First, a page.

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Looking for a Job in the Arts? Try North Dakota, New Study Suggests

A new report by the National Endowment for the Arts and the Bureau of Economic Analysis (BEA) of the US Department of Commerce tracks the economic impact of the arts nationally and state by state.

(courtesy the National Endowment for the Arts and the US Department of Commerce’s Bureau of Economic Analysis)
(courtesy the National Endowment for the Arts and the US Department of Commerce’s Bureau of Economic Analysis)

On Wednesday, the National Endowment for the Arts (NEA) released a report charting the economic impact of the arts both federally and at the state level, revealing surprising information about how region-specific cultural industries generate jobs and funds. The research, conducted by the NEA and the Bureau of Economic Analysis (BEA) of the US Department of Commerce, is based on data from 2014 pertaining to jobs in the Arts and Cultural Production Satellite Account (ACPSA), which “measures the number of workers employed to produce arts and cultural goods and services” across all industries. These figures show that the arts and cultural sector contributed $729.6 billion to the US economy in 2014, or 4.2% of the gross domestic product (GDP).

The report comes at a time when the very existence of the NEA is threatened by President Trump, and making the case for the economic impact of the arts could be seen as a means of convincing him and other Republican politicians that government funding for culture pays off. For instance, the report shows that arts and culture’s share of the GDP is growing slightly, up 1.4% from 2012 to 2014. The report is also broken down by sections of the culture industry: museums, for instance, contributed $5 billion in arts and cultural goods to the GDP in 2014, representing a rise of 2% since 2012; the cultural activities of fine art schools, meanwhile, contributed $3.3 billion to the national economy for a more modest growth rate of 1.8% since 2012. The cultural sector employed some 4.8 million people in the US in 2014, paying them a cumulative $355 billion in compensation. Not all the report’s findings are positive, though; for instance, employment in cultural production has fallen by about one million jobs since 2000–01, when it peaked at about 5.8 million.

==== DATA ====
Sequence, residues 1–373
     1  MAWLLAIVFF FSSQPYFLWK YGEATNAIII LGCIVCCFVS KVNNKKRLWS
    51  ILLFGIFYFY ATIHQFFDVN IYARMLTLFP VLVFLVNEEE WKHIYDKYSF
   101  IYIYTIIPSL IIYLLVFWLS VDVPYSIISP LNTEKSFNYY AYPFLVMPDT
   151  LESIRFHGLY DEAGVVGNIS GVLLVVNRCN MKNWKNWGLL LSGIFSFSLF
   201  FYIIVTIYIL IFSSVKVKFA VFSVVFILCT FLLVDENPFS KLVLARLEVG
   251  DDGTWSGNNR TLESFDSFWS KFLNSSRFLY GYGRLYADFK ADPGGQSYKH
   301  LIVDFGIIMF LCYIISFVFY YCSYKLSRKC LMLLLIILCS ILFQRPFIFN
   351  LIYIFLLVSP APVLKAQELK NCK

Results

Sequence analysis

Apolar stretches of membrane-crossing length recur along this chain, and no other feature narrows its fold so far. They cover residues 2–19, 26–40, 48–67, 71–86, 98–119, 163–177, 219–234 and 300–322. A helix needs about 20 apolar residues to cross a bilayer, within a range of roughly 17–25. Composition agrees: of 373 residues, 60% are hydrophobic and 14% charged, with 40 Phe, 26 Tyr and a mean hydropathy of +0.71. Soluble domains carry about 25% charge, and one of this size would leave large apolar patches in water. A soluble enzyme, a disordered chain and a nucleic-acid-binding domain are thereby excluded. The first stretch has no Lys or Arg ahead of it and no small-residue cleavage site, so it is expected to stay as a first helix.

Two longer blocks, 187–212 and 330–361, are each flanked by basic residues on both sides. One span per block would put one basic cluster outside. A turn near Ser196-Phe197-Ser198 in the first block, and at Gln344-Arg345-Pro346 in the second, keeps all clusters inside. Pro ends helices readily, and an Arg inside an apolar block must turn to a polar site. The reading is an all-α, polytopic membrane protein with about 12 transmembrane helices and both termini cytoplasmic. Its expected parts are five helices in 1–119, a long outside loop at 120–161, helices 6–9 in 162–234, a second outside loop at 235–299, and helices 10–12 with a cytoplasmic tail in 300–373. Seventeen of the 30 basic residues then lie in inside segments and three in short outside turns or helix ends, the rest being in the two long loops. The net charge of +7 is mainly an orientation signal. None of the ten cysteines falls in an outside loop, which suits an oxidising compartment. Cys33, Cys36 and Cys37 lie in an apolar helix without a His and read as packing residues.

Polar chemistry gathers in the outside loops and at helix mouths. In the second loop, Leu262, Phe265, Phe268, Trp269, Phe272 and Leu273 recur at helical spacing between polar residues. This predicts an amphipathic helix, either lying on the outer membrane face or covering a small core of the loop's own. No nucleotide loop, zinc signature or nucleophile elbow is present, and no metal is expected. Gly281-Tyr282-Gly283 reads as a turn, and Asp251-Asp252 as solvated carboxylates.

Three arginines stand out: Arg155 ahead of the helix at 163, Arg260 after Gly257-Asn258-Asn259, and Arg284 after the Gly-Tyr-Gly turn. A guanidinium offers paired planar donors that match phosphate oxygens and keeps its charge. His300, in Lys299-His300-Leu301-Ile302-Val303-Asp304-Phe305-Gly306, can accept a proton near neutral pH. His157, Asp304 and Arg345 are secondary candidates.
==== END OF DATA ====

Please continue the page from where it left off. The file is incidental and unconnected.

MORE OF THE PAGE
A graph comparing the number of jobs in arts and cultural production to the sector's contribution to the US GDP between 1998 and 2014. (courtesy the National Endowment for the Arts and the U.S. Department of Commerce’s Bureau of Economic Analysis)
A graph comparing the number of jobs in arts and cultural production to the sector’s contribution to the US GDP between 1998 and 2014. (courtesy the National Endowment for the Arts and the US Department of Commerce’s Bureau of Economic Analysis)

What may be most useful about the report, however, is its level of state-specific detail. These figures reveal, for instance, that in 2014 the states of New York, Washington, and Wyoming had the highest concentrations of arts and cultural employment (47%, 30%, and 28% above the national average, respectively). The data gets even more specific when one looks specifically at jobs in the museums category (which, per the peculiarities of the ACPSA metric, also includes planetariums, sports halls of fame, historical sites, zoos, botanical gardens, and nature sanctuaries). In 2014, the highest concentration of jobs in museums and similar institutions was in Hawaii, where the sector employed more than 2,500 people — representing a share of the state’s workforce that’s 4.5 times larger than the national average.

The data also supports the kinds of regional specializations you might expect. Cirque du Soleil probably has something to do with the fact that people working for performing arts companies in Nevada are better compensated than their colleagues in any other state, earning four times the national average. And the music industry in Memphis likely plays a role in Tennessee having the second-highest compensation rate for performing arts work, 3.5 times the national average. California and New York dominate employment in film and video production, with the percentage of workers in the industry compared to total state employment being more than three times higher in the former and 2.3 times higher in the latter.

By comparing the 2014 data with previous years’ figures, the report also maps recent trends in the arts and culture sector state by state. The number of workers employed in arts and cultural production dropped by 1% or more in a whopping 45 states and Washington, DC, between 2008 and 2014 — Rhode Island experienced the steepest drop, losing 20% of its arts and culture production jobs. The arts employment rate remained relatively steady in Texas and New York in those years, while three states experienced exceptional growth in cultural employment: In North Dakota, Utah, and Washington, arts and culture employment went up by almost 11%, 7%, and 5%, respectively. Still, North Dakota’s total of 13,764 jobs in the culture sector in 2014 are a drop in the bucket compared to California’s 674,865 — the most of any state.

The NEA and BEA report’s many maps, data profiles, interactive infographics, fact sheets, and more provide a vast trove of evidence for the enormous economic benefits of a thriving culture industry.

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